The unbeaten Berlanga, who is 22-0 with 17 KOs, started off his career with 16 straight stoppage wins before being taken the distance in his next five outings. He returned to the KO column with a sixth-round stoppage of Padraig McCrory in February. He was floated as a possible Canelo opponent before Alvarez settled on Munguia, to a generally underwhelmed response from boxing fans and media. But both Mizzone and Santos think it’s a sellable and – importantly – highly winnable fight for September.

“If I was managing Canelo, I think the next fight we would probably do is someone like Berlanga,” said Santos. “You just had a good, solid win against Jaime Munguia, who is a tough, hungry lion. I would probably go to a guy like Berlanga. That way, you have a secure opponent lined up and you can weigh your options from there.”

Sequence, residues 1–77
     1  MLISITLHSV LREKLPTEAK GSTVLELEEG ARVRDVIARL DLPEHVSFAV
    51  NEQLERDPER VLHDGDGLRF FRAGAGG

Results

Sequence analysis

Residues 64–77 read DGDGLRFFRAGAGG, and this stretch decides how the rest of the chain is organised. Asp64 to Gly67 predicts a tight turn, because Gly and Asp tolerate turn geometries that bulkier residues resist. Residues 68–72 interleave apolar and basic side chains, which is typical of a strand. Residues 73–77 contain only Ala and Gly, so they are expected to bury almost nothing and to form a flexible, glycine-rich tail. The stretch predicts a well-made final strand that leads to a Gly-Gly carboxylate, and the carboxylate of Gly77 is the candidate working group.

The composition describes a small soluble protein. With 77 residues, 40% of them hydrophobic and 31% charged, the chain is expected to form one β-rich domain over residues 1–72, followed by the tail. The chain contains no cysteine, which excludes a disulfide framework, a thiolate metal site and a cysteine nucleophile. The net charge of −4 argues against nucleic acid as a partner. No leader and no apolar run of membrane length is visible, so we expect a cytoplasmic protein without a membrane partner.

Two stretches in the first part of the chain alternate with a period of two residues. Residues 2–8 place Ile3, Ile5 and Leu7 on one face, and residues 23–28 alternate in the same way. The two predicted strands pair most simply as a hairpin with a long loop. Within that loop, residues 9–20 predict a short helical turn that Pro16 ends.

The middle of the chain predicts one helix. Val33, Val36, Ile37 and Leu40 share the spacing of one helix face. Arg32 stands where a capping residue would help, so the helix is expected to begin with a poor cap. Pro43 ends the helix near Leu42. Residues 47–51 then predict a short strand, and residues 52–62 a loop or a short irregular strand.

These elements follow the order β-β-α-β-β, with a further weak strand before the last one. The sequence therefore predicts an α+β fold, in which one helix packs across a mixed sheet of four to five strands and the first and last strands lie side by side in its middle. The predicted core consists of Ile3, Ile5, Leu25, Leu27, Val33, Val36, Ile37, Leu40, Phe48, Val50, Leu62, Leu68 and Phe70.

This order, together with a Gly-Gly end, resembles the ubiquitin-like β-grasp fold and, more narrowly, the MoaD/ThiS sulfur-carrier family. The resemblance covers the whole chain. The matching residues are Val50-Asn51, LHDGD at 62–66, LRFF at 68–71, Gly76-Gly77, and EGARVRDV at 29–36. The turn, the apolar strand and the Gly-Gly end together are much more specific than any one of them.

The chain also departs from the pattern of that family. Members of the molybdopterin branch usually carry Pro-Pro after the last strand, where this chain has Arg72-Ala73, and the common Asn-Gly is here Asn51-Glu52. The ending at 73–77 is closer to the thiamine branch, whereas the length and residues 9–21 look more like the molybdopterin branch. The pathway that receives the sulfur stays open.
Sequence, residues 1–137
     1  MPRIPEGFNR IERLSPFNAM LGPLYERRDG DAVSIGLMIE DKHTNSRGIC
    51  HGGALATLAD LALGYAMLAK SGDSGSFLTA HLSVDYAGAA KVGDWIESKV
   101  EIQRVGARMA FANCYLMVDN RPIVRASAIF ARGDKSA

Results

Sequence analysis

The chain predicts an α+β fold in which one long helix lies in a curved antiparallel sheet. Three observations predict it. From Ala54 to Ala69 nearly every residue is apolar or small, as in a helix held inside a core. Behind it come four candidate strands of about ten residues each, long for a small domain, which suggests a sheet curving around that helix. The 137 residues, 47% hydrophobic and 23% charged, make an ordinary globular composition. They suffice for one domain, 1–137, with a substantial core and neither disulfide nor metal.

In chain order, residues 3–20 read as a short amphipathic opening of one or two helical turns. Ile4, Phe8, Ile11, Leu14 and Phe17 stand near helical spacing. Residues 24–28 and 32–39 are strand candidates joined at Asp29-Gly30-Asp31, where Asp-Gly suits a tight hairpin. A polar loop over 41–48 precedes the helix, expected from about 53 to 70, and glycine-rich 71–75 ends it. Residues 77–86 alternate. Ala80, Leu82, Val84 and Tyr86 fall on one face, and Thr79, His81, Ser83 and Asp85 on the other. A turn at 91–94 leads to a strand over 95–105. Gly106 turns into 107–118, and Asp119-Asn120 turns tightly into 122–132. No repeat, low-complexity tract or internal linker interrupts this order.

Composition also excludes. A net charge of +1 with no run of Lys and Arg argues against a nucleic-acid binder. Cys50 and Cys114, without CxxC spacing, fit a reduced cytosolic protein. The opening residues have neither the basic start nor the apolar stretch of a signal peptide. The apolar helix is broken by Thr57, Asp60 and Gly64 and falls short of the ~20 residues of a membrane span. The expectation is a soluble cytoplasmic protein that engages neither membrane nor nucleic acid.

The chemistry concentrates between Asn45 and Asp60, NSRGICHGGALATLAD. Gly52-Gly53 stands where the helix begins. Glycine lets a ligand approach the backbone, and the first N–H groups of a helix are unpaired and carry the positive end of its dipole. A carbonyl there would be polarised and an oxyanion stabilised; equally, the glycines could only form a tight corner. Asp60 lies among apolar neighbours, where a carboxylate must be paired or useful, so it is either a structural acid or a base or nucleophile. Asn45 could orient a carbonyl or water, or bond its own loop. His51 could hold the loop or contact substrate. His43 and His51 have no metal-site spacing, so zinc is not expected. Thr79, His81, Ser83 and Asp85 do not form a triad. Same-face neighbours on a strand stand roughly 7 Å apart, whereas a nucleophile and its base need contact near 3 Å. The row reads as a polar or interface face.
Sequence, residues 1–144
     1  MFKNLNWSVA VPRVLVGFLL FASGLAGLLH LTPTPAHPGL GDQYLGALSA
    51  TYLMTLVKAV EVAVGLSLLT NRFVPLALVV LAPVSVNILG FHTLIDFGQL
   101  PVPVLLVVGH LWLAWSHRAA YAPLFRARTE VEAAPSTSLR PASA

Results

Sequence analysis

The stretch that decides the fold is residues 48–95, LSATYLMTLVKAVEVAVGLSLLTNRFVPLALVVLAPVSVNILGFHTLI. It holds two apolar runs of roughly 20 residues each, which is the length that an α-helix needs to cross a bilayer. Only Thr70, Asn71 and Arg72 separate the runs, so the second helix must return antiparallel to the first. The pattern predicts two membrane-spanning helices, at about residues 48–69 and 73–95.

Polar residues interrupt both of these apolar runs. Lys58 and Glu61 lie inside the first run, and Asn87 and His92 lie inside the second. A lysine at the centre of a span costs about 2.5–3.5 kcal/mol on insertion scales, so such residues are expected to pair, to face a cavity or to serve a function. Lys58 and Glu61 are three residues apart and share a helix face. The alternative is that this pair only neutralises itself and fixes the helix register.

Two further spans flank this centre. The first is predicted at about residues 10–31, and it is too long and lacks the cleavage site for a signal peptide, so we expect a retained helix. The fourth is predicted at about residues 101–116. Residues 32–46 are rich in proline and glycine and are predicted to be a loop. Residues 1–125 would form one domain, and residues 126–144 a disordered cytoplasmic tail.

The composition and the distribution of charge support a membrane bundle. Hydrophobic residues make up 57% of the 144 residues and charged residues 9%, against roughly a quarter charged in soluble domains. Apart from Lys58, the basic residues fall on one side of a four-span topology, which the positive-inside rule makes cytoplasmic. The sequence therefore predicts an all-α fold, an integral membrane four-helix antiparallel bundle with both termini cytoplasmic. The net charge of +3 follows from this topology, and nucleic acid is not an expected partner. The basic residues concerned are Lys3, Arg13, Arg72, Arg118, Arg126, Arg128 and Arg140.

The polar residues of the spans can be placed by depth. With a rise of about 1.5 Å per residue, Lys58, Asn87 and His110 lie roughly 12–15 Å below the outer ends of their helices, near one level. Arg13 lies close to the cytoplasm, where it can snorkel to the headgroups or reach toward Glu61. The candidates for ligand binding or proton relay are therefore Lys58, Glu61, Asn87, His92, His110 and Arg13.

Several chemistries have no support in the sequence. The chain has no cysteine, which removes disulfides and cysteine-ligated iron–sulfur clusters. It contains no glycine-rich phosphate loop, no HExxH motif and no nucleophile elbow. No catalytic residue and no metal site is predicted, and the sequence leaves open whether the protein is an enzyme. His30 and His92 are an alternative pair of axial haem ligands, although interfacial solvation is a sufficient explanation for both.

“You could swing it from a promotional or marketing side as Berlanga being an up-and-coming guy, and why doesn’t he deserve the shot?” Mizzone said. “And after him, maybe see how someone like Diego Pacheco is looking. But right now, if I’m Canelo, I’m fighting Berlanga any day of the week.”

Mizzone emphasized that that strategy is not based on the assumption that Canelo is reluctant to fight any of the other names. “I think he’d fight King Kong,” she said. But boxing is a business, and she agrees with Santos that Alvarez has earned the right to call his own shots. “His resume is ridiculous,” she said. And she suspects that Canelo is fully aware that he has a limited number of fights remaining and, accordingly, is probably planning the coda to his career.

“At some point, for some fighters, by the end they’re just fighting for legacy,” Mizzone said. “But Canelo’s a legend. He’s made it, he’s done that. Financially, he’s good. But I don’t care how financially solid you are, you always want to make more money, right? So if Turki comes to me and I’m the management of Canelo, then sure, we’ll have a conversation. ‘Alright, let’s do this. But this is the plan we want. We want to do two more fights, and then we’ll fight Benavidez or Morrell or Crawford.’ That way, you have three big fights instead of one. That’s how I would do it.”